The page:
CMCs HPB Unit Earns a First in the US

08.03.2016 Atrium Health News

This summer, CMC’s Hepato-Pancreato-Biliary Surgery Unit (HPB) on 9B earned a national first.

HPB was awarded a certificate for implementing an Enhanced Recovery after Surgery (ERAS) program, marking it the first and only U.S. center that has implemented specific guidelines that help patients recover quicker, receive more communications from their care team, and improve pain management, among other initiatives.

“The ERAS award is an incredible source of pride for our team, considering our unit opened in June 2015,” says Garth McClune, RN, BSN, CCRN, nurse manager for the hepatobiliary specialty unit at CMC. “It will be one of those things that will push us to be better as time goes on.”

Q: What was the patient experience like for HPB patients prior to this unit opening in June 2015?

Garth: Once the patient was out of surgery, they would go to any number of surgical units in CMC. We did not have a dedicated unit for them. It was probably one of the most difficult situations for our physicians – they would say, where is my patient? And they were walking approximately six miles a day to see their patients across 10 or more units. The level of care and consistency was another challenge for reliable patient outcomes.

Q: Soon after the HPB unit opened last year, you learned about the ERAS Society through Dionisios Vrochides, MD, who is a strong advocate for Enhanced Recovery after Surgery guidelines. What did you do to meet the ERAS guidelines?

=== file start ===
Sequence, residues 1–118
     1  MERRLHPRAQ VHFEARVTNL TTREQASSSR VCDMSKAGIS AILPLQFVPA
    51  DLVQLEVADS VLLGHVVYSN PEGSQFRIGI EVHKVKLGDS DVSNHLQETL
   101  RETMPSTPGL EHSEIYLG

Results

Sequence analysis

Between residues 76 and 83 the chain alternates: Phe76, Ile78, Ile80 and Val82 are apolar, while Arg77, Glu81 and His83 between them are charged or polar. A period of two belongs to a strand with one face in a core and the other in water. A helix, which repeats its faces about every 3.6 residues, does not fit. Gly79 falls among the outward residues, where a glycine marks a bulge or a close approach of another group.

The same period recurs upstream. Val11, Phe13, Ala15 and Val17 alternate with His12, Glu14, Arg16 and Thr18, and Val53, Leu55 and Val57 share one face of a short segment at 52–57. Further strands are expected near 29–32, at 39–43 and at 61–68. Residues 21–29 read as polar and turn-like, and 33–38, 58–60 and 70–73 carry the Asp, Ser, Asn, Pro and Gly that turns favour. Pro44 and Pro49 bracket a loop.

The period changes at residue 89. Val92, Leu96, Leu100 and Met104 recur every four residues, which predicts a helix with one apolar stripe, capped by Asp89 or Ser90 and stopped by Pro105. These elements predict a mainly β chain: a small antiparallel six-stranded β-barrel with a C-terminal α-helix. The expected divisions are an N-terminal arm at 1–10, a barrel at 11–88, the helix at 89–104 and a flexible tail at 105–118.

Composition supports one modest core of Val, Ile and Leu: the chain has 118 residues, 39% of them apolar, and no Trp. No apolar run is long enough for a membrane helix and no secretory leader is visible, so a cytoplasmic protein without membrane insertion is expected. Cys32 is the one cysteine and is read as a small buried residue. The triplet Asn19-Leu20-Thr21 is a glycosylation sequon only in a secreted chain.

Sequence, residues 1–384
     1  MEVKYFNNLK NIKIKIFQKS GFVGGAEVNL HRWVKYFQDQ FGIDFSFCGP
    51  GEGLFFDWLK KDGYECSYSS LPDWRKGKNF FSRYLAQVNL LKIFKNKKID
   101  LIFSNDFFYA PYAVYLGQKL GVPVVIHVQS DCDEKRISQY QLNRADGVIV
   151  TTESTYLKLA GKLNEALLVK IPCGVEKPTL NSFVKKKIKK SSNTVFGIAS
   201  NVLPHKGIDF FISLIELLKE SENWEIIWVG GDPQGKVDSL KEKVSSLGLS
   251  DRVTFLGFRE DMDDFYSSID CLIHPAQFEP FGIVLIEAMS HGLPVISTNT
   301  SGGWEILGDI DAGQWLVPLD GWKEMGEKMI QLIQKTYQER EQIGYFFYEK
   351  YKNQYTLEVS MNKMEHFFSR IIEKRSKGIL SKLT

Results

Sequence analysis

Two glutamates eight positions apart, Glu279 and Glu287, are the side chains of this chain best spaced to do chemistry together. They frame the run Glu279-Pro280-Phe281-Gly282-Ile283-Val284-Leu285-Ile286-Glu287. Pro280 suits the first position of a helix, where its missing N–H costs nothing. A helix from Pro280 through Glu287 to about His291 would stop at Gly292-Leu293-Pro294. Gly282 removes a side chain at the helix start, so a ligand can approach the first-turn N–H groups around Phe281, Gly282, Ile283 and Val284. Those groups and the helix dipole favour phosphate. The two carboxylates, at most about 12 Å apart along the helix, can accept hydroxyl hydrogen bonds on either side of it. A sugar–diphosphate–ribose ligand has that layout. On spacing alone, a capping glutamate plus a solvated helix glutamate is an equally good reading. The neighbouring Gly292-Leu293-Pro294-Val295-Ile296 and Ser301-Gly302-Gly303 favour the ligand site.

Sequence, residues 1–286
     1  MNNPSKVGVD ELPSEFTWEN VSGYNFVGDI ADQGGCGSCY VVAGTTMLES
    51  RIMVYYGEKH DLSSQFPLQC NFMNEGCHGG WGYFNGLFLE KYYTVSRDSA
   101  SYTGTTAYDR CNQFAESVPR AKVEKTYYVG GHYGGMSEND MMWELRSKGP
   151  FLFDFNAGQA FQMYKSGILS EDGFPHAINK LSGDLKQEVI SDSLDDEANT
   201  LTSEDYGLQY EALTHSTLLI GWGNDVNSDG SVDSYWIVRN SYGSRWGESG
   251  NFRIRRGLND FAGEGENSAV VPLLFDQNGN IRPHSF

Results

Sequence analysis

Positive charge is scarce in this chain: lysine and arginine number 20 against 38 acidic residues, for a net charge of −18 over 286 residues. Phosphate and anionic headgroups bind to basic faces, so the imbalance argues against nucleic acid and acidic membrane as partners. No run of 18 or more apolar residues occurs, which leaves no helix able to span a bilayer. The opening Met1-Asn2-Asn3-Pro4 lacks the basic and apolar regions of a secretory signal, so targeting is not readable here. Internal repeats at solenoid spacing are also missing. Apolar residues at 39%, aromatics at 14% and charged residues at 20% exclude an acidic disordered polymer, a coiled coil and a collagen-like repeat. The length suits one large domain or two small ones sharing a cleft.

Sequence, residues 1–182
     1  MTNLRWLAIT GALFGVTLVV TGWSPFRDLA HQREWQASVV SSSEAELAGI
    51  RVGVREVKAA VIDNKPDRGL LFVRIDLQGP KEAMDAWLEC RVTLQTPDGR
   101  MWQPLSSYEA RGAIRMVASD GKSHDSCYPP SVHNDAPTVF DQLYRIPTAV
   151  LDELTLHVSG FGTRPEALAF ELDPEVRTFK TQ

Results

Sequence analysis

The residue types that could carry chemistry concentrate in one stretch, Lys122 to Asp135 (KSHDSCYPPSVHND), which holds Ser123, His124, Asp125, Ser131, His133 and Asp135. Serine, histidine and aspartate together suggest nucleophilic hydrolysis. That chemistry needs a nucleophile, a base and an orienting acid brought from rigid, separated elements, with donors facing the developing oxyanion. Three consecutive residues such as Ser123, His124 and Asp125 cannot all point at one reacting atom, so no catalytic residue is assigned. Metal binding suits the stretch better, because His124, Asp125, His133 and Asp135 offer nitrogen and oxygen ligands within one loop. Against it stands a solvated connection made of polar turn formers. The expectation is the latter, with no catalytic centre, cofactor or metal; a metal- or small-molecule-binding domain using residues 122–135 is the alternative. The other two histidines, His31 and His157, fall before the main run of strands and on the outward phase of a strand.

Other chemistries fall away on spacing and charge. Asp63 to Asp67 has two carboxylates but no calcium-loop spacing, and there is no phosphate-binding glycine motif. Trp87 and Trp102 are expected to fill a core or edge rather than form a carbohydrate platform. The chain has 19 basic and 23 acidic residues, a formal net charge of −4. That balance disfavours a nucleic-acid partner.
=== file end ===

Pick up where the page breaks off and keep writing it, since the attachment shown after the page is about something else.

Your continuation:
Garth: We’ve evolved our entire trajectory, from pre- to post-op:

  • Before we implemented ERAS guidelines, patients’ course of stay would include more time in bed, and our communications with them were less consistent – they didn’t always know what to expect. Now, the first thing we do is pre-op education to make sure the patient understands their plan of care and what they’ll need to do in the days after surgery.
  • During surgery, doctors implement many ERAS guidelines. We’ve minimized narcotics as a pain-management strategy, because narcotics can slow your gut down and result in more complications. We also have a strategy in place that every patient gets specific anti-nausea medicine. The entire experience is designed to reduce stress on the patient.
  • Immediately after surgery, we have guidelines to follow for post-op days 1 through 4, which include more movement and less time lying in bed. Best of all, the patient, nurse, and physician know what to expect.

Q: What have the results been?

Garth: We’ve had great results, including:

  • Reducing patients’ length of stay by 15 percent;
  • Reducing readmissions by 12 percent;
  • Creating consistent and improved patient outcomes; and
  • Reducing the infection rate to 0 and sustaining it.

Q: What is one of the biggest differentiators for the HPB team?

Garth: Our team includes Kendra Tezber, RN, who is an ERAS-dedicated nurse. She ensures that not only our nurses follow the ERAS guidelines, but our physicians as well. She speaks with patients pre-operation, building that relationship prior to surgery, and goes in and checks on patients throughout the course of their stay, making sure they’re on course with the plan of care. I don’t know any other unit that has an ERAS-dedicated nurse.